FRANK Solutions for Class 10 Chemistry Chapter 8 - Study of Compounds-I: Hydrogen Chloride
What is aqua regia? What happens when silver nitrate solution is added to dilute HCl? Discover the answers in our Frank Solutions for ICSE Class 10 Chemistry Chapter 8 Study of Compounds-I: Hydrogen Chloride. Also, learn the steps for preparing hydrochloric acid in a laboratory.
With our ICSE Class 10 Chemistry textbook solutions, learn the properties and uses of hydrochloric acid in detail. Revise more to score more. Now, enjoy anytime access to various TopperLearning resources such as concept videos, online tests and more for thorough Chemistry revision.
Chapter 8 - Study of Compounds-I: Hydrogen Chloride 198
Chapter 8 - Study of Compounds-I: Hydrogen Chloride 199
Chapter 8 - Study of Compounds-I: Hydrogen Chloride 200
(i) Diffused sunlight
(iv) HCl gas is collected by the downward displacement of air.
Chapter 8 - Study of Compounds-I: Hydrogen Chloride 201
Chapter 8 - Study of Compounds-I: Hydrogen Chloride 202
Chapter 8 - Study of Compounds-I: Hydrogen Chloride 203
Aqua regia is a mixture of concentrated hydrochloric acid [3 parts] and concentrated nitric acid [1 part].
Chapter 8 - Study of Compounds-I: Hydrogen Chloride 204
(i) A = conc. H2SO4 B = NaCl
(iii) When a rod dipped in ammonium hydroxide is brought near the mouth of the gas jar, dense white fumes of ammonium chloride are produced.
(iv) Hydrogen chloride is denser than air.
Silver nitrate solution will give a white ppt. when added to dil. hydrochloric acid, and no change will be observed when it is added to dil. nitric acid.
Being highly soluble in water, hydrogen chloride gas is dried by conc. sulphuric acid.
(i) Diagram to show the arrangement used for the absorption of HCl gas in water:
(ii) Such an arrangement is necessary to prevent back suction of water into the apparatus, and it provides a large surface area for dissolution of hydrogen chloride gas.
(iii) Balanced chemical equations for the laboratory preparation of HCl gas:
(i) Add silver nitrate solution to both solutions. Sodium chloride will form a curdy white ppt., whereas sodium nitrate will not undergo any reaction.
(ii) Hydrogen chloride gas gives thick white fumes of ammonium chloride when a glass rod dipped in ammonia solution is held near the vapours of the acid, whereas no white fumes are observed in case of hydrogen sulphide gas.
(iii) Ethene gas decolourises the purple colour of KMnO4, whereas ethane does not decolourise KMnO4 solution.
(iv) Calcium nitrate forms no ppt. even with addition of excess of NH4OH, whereas zinc nitrate forms a white gelatinous ppt. which dissolves in excess of NH4OH.
(v) Carbon dioxide gas has no effect on acidified KMnO4 or K2Cr2O7, but sulphur dioxide turns potassium permanganate from pink to colourless.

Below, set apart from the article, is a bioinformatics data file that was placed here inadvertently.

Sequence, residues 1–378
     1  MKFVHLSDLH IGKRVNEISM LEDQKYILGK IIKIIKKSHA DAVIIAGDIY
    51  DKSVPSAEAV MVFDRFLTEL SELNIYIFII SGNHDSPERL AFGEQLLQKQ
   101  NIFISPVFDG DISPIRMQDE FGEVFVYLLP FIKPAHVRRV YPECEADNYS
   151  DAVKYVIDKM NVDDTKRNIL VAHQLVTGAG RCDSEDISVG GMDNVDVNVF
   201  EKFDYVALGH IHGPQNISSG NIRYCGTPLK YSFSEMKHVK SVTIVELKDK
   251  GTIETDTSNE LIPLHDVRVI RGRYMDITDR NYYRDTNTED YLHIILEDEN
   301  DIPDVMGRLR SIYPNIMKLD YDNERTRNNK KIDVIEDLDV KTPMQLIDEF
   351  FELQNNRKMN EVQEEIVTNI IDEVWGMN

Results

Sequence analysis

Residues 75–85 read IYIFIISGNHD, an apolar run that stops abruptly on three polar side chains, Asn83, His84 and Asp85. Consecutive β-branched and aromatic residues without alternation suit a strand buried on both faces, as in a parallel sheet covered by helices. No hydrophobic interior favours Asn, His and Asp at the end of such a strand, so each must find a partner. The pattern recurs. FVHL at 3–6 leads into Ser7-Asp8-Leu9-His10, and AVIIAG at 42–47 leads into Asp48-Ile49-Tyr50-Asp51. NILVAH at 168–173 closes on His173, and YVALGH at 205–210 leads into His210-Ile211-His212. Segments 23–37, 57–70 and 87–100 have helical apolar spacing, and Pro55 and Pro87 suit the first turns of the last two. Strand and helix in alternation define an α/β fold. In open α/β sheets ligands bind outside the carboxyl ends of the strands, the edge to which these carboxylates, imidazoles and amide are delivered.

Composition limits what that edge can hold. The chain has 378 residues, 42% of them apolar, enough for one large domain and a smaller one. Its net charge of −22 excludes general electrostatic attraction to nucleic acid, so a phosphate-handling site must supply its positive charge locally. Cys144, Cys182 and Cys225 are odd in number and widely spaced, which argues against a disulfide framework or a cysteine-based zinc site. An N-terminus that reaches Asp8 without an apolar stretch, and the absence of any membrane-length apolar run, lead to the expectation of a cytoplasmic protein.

(i) The gas is HCl (hydrogen chloride) gas.
(ii) Extreme solubility of hydrogen chloride gas is demonstrated by the fountain experiment.
(iii) Ammonia gas is another gas which has the same property which can be demonstrated through this experiment.
Chapter 8 - Study of Compounds-I: Hydrogen Chloride 205
(i) Equation for the laboratory preparation of hydrogen chloride gas:
Although it is a reversible reaction, it goes to completion as hydrogen chloride continuously escapes as a gas.
The reaction can occur up to the stage of the formation of sodium sulphate on heating above 200°C.
(ii) The drying agent used in the laboratory preparation of hydrochloric acid is conc. sulphuric acid.
The other drying agents such as phosphorus pentoxide (P2O5) and quick lime (CaO) cannot be used because they react with hydrogen chloride.
2P2O5 + 3HCl → POCl3 + 3HPO3
CaO + 2HCl → POCl3 + 3HPO3
(iii) A safety precaution which should be taken during the preparation of hydrochloric acid:
Always wear chemical splash goggles, chemical-
resistant gloves and a chemical-resistant apron in the
laboratory during the preparation of hydrochloric
(a) HCl turns blue litmus red
(i) When dil. HCl is added to lead nitrate solution and heated, it forms a white precipitate of lead chloride.
Pb(NO3)2 + 2HCl → PbCl2 + 2HNO3
(ii) Dil. HCl reacts with thiosulphate to produce sulphur dioxide, and yellow sulphur is precipitated.
Na2S2O3 + 2HCl → 2NaCl + H2O + SO2 + S ↓
(iii) When dilute hydrochloric acid is added to copper carbonate, it decomposes to give copper chloride.
CuCO3 + 2HCl → CuCl2 + H2O + CO2↑
Dilute hydrochloric acid decomposes iron(II) sulphide to produce iron(II) chloride and hydrogen sulphide having rotten egg smell.
FeS + 2HCl → FeCl2 + H2S
Sulphuric acid precipitates the insoluble sulphate from lead nitrate solution.
Lead nitrate reacts with hydrochloric acid to give a white ppt. of lead chloride.
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